Most companies treat all suppliers the same, and they respond too late to supplier-related risk. By segmenting their supply base and basing governance agreements on a supplier's role and importance in the supply chain, they could better anticipate and prevent disruption.
Companies that outsource manufacturing can better control process, product quality, flexibility, and delivery if they have a higher degree of integration with their suppliers. In some cases, it may make sense to bring some manufacturing in-house. A technique called "Krajlic's matrix" facilitates that decision.
To offshore, nearshore, or "reshore"? A total cost of ownership (TCO) analysis can answer that question. For some companies, TCO analyses are suggesting that manufacturing close to the point of consumption is the best choice.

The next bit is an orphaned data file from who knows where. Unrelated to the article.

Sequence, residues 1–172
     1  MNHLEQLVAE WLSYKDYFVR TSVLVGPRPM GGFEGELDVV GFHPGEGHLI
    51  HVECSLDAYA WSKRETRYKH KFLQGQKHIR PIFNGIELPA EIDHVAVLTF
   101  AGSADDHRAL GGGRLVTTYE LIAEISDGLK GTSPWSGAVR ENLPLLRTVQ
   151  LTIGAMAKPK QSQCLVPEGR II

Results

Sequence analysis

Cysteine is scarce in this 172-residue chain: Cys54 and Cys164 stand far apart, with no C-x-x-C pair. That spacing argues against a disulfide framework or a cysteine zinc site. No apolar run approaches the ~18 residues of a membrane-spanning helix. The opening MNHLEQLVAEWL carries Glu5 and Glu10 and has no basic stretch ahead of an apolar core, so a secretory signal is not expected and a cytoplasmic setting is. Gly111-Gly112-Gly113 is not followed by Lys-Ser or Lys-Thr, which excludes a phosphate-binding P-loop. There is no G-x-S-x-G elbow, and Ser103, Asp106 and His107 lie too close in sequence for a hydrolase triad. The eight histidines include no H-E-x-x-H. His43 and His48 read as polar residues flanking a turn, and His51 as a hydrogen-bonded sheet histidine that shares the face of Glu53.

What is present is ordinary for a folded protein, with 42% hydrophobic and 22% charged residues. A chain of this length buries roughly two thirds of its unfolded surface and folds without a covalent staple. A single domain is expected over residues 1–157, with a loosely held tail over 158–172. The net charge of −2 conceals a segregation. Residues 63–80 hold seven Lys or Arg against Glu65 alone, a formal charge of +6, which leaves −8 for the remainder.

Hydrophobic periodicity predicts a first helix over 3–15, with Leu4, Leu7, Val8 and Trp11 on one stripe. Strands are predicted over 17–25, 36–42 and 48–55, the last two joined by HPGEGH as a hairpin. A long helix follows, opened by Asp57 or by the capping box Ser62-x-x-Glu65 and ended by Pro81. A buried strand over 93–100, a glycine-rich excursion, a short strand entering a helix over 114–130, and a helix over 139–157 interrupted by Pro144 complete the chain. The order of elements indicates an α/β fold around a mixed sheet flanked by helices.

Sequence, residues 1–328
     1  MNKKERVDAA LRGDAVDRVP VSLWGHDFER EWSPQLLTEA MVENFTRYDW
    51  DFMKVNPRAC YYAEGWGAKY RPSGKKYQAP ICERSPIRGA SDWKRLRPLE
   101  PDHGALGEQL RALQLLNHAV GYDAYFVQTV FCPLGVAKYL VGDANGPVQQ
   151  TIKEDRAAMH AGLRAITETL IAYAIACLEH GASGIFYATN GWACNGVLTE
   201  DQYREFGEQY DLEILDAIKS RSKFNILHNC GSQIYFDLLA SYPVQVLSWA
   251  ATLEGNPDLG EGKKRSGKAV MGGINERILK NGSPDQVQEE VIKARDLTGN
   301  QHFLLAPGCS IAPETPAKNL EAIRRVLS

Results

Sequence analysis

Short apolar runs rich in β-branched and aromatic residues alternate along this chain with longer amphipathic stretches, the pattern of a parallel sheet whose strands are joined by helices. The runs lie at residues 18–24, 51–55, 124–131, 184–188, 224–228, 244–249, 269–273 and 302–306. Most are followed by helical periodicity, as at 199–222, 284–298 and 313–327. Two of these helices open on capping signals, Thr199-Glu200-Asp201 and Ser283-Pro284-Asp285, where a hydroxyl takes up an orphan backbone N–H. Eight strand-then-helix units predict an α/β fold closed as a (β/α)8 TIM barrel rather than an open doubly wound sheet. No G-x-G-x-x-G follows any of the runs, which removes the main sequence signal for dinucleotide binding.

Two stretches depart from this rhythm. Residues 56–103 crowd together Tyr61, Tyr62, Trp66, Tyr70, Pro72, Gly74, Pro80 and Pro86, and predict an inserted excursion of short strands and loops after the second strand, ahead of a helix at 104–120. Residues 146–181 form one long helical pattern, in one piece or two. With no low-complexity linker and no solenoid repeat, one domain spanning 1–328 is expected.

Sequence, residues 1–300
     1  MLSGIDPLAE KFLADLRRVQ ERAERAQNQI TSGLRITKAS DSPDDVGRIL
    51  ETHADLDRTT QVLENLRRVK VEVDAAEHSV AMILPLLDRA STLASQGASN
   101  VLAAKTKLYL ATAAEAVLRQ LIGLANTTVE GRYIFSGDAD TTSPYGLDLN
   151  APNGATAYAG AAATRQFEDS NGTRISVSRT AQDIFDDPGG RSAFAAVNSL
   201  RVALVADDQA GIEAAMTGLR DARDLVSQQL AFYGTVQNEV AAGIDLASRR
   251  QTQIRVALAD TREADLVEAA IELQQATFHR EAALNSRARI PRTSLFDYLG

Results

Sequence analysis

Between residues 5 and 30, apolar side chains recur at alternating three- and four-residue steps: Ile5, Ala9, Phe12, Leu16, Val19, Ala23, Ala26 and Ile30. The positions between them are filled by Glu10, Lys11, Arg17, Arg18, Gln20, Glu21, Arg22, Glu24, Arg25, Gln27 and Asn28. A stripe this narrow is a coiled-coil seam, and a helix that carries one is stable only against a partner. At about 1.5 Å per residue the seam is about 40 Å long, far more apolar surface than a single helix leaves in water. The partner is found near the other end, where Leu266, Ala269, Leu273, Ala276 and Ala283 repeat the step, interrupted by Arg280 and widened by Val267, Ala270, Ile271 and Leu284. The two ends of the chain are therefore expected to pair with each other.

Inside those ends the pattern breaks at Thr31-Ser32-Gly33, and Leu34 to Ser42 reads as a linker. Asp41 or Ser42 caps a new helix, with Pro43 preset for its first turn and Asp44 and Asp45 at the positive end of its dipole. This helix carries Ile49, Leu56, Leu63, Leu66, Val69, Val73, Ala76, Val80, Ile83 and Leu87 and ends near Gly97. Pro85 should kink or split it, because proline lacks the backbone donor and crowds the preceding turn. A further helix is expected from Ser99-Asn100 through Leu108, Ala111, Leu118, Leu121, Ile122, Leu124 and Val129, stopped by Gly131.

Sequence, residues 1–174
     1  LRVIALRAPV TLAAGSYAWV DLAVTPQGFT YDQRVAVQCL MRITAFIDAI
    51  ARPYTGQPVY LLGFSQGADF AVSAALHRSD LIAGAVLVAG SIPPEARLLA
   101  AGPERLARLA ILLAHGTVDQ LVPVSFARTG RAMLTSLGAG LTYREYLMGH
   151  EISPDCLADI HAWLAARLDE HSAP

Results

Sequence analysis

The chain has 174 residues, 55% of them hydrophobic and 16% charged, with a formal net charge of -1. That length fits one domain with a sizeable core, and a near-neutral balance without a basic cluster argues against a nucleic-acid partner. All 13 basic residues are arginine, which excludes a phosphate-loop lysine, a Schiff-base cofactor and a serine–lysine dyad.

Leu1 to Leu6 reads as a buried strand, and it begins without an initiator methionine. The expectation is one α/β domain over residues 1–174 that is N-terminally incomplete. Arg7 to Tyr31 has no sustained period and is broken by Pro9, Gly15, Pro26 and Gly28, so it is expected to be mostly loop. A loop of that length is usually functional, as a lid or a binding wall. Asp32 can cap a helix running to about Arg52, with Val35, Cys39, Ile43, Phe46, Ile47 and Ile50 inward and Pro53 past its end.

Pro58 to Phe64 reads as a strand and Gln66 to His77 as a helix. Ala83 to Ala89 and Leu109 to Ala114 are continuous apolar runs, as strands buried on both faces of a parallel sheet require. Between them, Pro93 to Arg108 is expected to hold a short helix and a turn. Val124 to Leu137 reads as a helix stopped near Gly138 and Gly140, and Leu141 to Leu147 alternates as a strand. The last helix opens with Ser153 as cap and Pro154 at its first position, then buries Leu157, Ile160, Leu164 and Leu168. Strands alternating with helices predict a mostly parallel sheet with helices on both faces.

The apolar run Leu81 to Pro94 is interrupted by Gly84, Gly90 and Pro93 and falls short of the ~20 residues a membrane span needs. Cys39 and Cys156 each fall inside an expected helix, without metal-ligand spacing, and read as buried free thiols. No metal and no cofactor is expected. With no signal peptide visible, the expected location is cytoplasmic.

Supply managers who work in the public sector must comply with unique transparency rules. Despite those and other constraints, they can achieve substantial savings by integrating the public sector requirements with privatesector supply chain management concepts.
When DineEquity combined the supply and distribution networks for two of its restaurant chains, it used process mapping to identify where to make changes. A top executive tells how this technique helped the company create a single, streamlined supply chain.
Many customer-supplier relationships were weakened or damaged during the economic downturn. To rescue them, both sides need to acknowledge past mistakes, identify the causes of those problems, take corrective action, and monitor the results.